I used to love that Disney movie, the one where the bear cubs got into
the cabin and just tore the place apart to the upbeat accompaniment of
a comical tune. I have to tell you, the movie clips were funny, but
coming home to a torn up couch and curtains with the upbeat
accompaniment of my cursing just isn’t as funny. If you’re nodding
your head in sympathy, you just might have a dog with separation
anxiety. The good news is, many of these dogs can be helped!
Your dog is a pack animal, and as such, he craves companionship. The
drive to work, play, and be sociable is what makes dogs such enjoyable
family members. That drive can also be the source of trouble, if your
dog hasn’t been trained to calm himself in your absence.
Teach your new puppy to enjoy his crate by making it his special
private puppy relaxing room! Use the crate for pleasurable
experiences; feeding time, small breaks during the day with highly
desirable chew toys, and bedtime (again, with a chew toy). By making
sure your puppy is entertained while in the crate, you will help him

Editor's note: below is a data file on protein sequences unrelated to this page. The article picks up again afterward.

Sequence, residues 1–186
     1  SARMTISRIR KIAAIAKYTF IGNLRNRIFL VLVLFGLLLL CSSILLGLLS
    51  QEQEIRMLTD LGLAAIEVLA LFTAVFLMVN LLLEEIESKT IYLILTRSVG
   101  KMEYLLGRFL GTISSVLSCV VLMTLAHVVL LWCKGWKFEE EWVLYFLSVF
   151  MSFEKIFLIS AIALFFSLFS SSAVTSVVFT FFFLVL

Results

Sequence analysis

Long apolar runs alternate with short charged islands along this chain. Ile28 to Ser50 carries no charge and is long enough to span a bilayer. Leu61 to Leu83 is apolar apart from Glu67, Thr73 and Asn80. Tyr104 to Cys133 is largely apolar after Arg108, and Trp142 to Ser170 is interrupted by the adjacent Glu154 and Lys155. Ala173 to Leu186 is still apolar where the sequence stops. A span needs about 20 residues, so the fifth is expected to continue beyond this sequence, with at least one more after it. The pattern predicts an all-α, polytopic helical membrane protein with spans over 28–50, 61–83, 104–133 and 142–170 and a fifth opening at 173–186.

to see the crate as a place of refuge and relaxation. As your puppy
matures he will continue to seek respite in his crate throughout the
day-encourage this by popping pleasurable surprises into his crate
from time to time. Dogs that are crate trained are able to travel more
comfortably, and are able to sooth themselves when worried or lonely
by going to their crate for solace.
Some of our dogs come to us with no crate training and an enhanced
need to be “in group”. These dogs will bark repetitively, urinate,
defecate, dig up the yard or carpet, or destroy household
furniture.These are the hallmarks of separation anxiety. Most of
these dogs can be retrained to self-soothe, although many will need
chemical help to ease their anxiety while they are being trained.
There are several drug therapies that can ease the training process.
Most will be used for a period of months, or in tough cases, a few
years as an anxious dog slowly learns new skills and responses to
being home alone.
If your puppy or adult dog displays signs of separation anxiety, schedule
a consultation with your Veterinarian so she can assess the severity of
your dog’s separation anxiety and help you devise a retraining plan
for your buddy!